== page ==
You probably know that exercise is a key factor in cardiovascular fitness…but may wonder exactly what kind of exercise is most helpful.
Exercise falls into two main categories. “Aerobic exercise and resistance training are the most important for heart health,” says Johns Hopkins University exercise physiologist Kerry Stewart, EdD.
Aerobic exercise anything—brisk walking, running, swimming, cycling and jumping rope are all examples—that gets your heart rate up. It improves circulation, supports how well your heart pumps and helps reduce the risk of type 2 diabetes.† You should get at least 30 minutes a day, at least five days a week.
Resistance training covers anything that helps strengthen the body, such as working out with weights (free or machine) or even your own body weight. These activities can help reduce fat and create leaner muscle mass†; try for at least two non-consecutive days a week (to give muscles a chance to recover).
What’s more, Stewart adds, “Although flexibility doesn’t contribute directly to heart health, it’s nevertheless important because it provides a good foundation for performing aerobic and strength exercises more effectively.” Stretch every day before and after other forms of exercise; tai chi and yoga also fall into the flexibility category.
To help your heart stay healthy, create an exercise program using some combination of the following. For safety’s sake, start slow and build mileage and/or intensity as you become fitter.
And not a slow amble, either: Walking at speed is a great way to strengthen your heart while putting less stress on your knees. (On the other hand, distance running on pavement can really tax your joints.) All you need is a pair of good shoes, professionally fitted for best results: Try for short walks at lunch with longer strolls on weekends. To maintain interest, find a walking buddy or listen to music or a podcast along the way.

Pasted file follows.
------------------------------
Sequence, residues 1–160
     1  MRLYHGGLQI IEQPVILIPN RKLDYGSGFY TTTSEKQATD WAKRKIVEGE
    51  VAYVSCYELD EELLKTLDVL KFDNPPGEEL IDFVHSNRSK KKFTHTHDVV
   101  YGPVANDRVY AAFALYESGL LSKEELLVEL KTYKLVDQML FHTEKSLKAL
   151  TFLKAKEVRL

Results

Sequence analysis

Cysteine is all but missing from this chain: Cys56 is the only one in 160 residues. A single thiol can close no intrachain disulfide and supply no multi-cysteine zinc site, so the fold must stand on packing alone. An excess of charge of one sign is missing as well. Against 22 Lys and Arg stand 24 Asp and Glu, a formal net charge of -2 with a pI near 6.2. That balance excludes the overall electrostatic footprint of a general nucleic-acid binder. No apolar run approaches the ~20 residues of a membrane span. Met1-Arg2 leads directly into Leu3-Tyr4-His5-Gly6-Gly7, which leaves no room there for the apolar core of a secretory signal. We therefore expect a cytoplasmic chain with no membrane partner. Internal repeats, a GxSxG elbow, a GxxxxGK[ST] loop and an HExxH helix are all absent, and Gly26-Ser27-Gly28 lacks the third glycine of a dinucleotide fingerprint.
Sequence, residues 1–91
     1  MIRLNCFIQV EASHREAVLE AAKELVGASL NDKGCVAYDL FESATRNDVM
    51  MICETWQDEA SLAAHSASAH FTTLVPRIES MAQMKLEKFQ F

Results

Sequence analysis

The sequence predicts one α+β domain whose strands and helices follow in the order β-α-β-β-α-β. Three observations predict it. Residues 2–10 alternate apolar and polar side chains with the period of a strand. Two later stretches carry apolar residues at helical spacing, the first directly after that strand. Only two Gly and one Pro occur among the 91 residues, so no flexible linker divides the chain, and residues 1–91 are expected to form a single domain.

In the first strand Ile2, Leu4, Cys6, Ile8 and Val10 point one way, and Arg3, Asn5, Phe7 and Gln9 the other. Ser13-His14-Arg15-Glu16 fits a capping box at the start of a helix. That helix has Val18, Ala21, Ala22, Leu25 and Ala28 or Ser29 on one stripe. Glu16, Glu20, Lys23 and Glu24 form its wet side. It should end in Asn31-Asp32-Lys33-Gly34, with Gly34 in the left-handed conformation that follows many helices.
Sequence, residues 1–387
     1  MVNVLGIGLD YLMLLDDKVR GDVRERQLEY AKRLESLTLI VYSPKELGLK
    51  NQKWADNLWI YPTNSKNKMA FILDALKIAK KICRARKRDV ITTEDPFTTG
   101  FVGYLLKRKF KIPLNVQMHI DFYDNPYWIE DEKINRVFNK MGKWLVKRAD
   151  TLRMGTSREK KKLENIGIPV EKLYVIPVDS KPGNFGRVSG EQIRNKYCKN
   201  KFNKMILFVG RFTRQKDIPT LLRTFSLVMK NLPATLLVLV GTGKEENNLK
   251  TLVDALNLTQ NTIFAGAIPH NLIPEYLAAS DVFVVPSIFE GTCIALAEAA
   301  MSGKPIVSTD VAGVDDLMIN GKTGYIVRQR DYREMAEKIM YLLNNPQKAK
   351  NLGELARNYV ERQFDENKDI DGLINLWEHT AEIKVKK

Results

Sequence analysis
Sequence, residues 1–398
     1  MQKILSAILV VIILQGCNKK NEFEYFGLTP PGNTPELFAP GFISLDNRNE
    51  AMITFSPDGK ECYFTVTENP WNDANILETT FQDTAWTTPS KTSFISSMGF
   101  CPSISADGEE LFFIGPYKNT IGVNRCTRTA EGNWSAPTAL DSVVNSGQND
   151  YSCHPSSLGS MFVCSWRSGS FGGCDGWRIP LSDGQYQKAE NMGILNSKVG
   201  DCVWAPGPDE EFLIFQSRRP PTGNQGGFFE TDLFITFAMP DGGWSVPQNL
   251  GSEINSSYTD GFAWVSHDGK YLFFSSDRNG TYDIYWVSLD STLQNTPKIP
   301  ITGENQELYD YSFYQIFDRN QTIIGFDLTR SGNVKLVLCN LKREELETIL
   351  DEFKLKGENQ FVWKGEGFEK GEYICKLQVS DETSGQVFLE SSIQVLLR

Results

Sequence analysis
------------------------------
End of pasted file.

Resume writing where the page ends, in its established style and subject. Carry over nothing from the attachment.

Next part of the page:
Swimming or Biking
These are also ways to get your heart pumping without beating up your joints. If you’re a pool baby, you can either swim laps or take a water aerobics class. If you prefer cycling, make sure your bike—and your bike helmet—fit you properly, and use reflective clothing or tape (plus clearly visible head and tail lights) for night rides.
Also referred to as high-intensity interval training, or HIIT, this involves alternating between short bursts of high-intensity exercise with longer periods of active recovery; think running full-out for half a lap followed by jogging for a full lap. Raising and lowering heart rate like that helps to burn calories and improve blood-vessel function.†
Don’t want to pay gym fees or buy equipment? Exercises such as pushups and squats, which use your own body weight, provide the resistance in resistance work without the expense…and pose less of an injury risk to boot. They also help you maintain healthy bones.†
It isn’t just good for flexibility, either. Yoga helps strengthen and tone muscles while promoting the kind of calm that helps lower blood pressure.† What’s more, the more vigorous types of yoga also provide aerobic benefits.
†The information provided is not an endorsement of any product, and is intended for educational purposes only. NaturesPlus does not provide medical advice and does not offer diagnosis of any conditions. Current research on this topic is not conclusive and further research may be needed in order to prove the benefits described.
The conditions and symptoms described may be indicative of serious health problems, and therefore should be brought to the attention of a qualified healthcare practitioner.
**These statements have not been evaluated by the Food and Drug Administration. This product is not intended to diagnose, treat, cure or prevent any disease.